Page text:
Although younger people globally seem to be taking climate change more seriously than older generations, staff members at La Salle have also voiced concerns about climate change, and some have also made efforts to become more environmentally friendly.
Math teacher Mr. Chris Cozzoli said that he has tried to live sustainably for most of his life. In college, he took an online survey in one of his courses about his environmental footprint. When the results of the survey revealed the negative impacts that his lifestyle, and his diet in particular, was having on the environment, he decided that he needed to make a change.
“I think I didn’t want to be a person that just went, ‘Oh, well that sucks,’ and didn’t do anything about it,” Mr. Cozzoli said. “And so in that moment, sitting in that classroom, I decided that I was going to go vegetarian.”
While Mr. Cozzoli initially only planned to become vegetarian for one year, he ended up continuing this new diet for more than 20 years, even becoming vegan for several intermittent periods during this time.
Though Mr. Cozzoli can no longer continue his meat-free diet due to unrelated health issues, he said that he is still making an effort to eat an environmentally-friendly diet, noting that he only buys high quality, sustainably-sourced meats.
“It’s part of being Catholic, in my mind, to be concerned for others and the environment and our impact on the environment,” Mr. Cozzoli said.
English teacher Mr. Greg Larson is another staff member who has attempted to make decisions that are healthy for the planet. He tries to carpool or take public transit when he can, and is also mindful about his diet and where the food he eats comes from.
“All these things that we may not see as immediately connected to climate — like what food we eat — do have connections,” Mr. Larson said. “I try to live with an awareness that my actions have consequences.”
Social studies teacher Ms. Mallory Spanjer has tried to do her part by attending several climate strikes in Portland to raise awareness about climate change.
While many staff have felt the need to take action because of their concern about climate change, some have also voiced hope and appreciation for the initiative that numerous young people are taking to combat climate change.
“I will say that even though it’s really concerning, there are some things that make me really happy to see,” Ms. Spanjer said. “And that’s the fact that younger generations seem to be taking this issue and actually doing something about it.”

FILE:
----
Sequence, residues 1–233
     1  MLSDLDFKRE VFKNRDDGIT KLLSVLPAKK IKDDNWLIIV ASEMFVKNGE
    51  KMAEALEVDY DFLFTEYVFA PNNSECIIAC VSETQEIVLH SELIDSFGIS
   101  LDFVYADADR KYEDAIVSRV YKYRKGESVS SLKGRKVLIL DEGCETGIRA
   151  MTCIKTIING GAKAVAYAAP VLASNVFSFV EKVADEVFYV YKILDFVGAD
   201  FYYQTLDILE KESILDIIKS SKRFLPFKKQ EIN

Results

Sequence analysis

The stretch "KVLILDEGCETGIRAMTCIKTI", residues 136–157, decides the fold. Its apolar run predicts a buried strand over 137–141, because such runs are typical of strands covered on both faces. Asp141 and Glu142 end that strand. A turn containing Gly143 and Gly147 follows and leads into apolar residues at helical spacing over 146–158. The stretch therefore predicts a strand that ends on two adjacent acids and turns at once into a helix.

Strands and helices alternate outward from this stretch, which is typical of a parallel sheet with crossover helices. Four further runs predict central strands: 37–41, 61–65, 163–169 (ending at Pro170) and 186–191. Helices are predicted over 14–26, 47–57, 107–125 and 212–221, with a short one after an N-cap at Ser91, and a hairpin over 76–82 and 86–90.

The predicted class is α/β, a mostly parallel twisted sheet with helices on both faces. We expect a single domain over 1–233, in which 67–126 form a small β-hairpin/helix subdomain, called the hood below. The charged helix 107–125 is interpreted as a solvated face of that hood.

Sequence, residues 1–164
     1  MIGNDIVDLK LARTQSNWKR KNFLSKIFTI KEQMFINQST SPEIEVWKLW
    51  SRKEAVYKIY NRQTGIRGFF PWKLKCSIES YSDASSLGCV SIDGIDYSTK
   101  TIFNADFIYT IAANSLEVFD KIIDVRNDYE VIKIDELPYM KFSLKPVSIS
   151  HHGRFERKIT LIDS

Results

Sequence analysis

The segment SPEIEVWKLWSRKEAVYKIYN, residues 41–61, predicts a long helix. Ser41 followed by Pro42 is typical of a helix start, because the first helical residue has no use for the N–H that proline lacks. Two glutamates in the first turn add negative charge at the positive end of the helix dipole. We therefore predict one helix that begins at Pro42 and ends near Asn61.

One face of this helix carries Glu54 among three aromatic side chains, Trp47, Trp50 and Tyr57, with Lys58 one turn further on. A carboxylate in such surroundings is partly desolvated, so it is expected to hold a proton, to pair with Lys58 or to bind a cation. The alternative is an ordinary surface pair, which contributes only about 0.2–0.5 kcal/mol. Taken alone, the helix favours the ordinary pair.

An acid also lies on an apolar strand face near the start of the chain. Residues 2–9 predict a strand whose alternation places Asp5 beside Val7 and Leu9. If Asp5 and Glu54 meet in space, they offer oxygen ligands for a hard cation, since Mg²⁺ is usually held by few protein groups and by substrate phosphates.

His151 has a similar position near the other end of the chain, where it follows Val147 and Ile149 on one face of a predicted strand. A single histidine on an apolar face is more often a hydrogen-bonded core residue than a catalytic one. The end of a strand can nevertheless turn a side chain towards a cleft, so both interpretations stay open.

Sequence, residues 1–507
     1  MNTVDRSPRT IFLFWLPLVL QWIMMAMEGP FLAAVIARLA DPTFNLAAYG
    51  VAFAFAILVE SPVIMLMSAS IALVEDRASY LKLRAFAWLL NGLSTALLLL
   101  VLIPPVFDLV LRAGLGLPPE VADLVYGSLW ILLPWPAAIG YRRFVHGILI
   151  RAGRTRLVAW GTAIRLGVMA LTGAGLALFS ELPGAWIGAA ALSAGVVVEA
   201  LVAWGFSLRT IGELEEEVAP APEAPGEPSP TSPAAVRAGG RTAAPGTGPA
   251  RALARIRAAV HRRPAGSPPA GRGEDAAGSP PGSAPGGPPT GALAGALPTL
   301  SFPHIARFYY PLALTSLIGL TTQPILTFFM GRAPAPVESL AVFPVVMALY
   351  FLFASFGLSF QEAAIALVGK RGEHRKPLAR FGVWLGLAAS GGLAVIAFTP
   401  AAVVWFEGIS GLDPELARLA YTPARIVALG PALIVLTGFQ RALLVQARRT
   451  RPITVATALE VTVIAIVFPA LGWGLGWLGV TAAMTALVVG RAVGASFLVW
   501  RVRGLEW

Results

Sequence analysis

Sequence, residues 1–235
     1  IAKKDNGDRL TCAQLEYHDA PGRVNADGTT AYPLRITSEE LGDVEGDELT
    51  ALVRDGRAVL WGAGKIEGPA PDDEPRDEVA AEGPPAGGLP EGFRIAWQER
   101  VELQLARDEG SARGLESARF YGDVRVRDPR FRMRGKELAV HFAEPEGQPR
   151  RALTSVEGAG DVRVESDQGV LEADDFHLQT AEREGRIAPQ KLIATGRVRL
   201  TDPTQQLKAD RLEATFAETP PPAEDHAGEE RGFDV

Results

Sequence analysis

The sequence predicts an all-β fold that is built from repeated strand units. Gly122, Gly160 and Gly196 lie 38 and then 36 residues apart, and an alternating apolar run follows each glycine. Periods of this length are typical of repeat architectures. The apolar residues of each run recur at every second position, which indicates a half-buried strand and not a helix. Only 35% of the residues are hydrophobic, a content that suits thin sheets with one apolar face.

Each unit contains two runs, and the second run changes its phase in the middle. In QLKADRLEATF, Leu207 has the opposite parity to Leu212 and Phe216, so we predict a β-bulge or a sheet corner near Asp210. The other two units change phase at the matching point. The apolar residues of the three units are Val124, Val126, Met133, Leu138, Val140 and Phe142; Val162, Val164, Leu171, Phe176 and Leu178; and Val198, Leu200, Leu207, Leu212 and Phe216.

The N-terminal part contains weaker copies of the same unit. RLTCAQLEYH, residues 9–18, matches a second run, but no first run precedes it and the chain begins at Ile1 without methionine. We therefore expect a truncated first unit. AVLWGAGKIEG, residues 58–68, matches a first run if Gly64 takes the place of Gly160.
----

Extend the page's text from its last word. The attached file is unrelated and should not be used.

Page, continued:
Other staff members also expressed admiration for youth who have become leaders in the movement for climate change action, like Greta Thunberg, a 17-year old Swedish activist who has achieved international recognition for her work advocating for climate change awareness.
“Whether you agree with her actions or not, it’s really powerful to see a young person fighting really hard, and walking the walk,” Mr. Larson said.
Overall, many students and staff at La Salle have taken action in their own lives in attempts to help slow the progression of climate change, but a common thread among those that The Falconer spoke with is the belief that additional change is necessary to avoid the potentially disastrous future effects of climate change. Some students and staff accentuated the need for further education and awareness around climate change.
As a student, Olson said that learning about the detrimental effects of climate change can feel frightening and overwhelming, but she emphasized that education around the issue is vital to reducing its harmful impacts.
“Without knowing much about climate change it’s hard to really understand how real it is and how detrimental it is,” Olson said. “Education is the most important thing right now for everyone. Even if you don’t feel like you’d have a big impact on the issue, learning about it and understanding it [is important] so that if you ever do have an influential voice over people, then you can use it for good.”
When Hartson spoke to state representatives about climate change, he said one of the topics he discussed was “how we need to bring [climate change] into our education systems and really make it clear that this is a problem, because it is something that is supported by science.”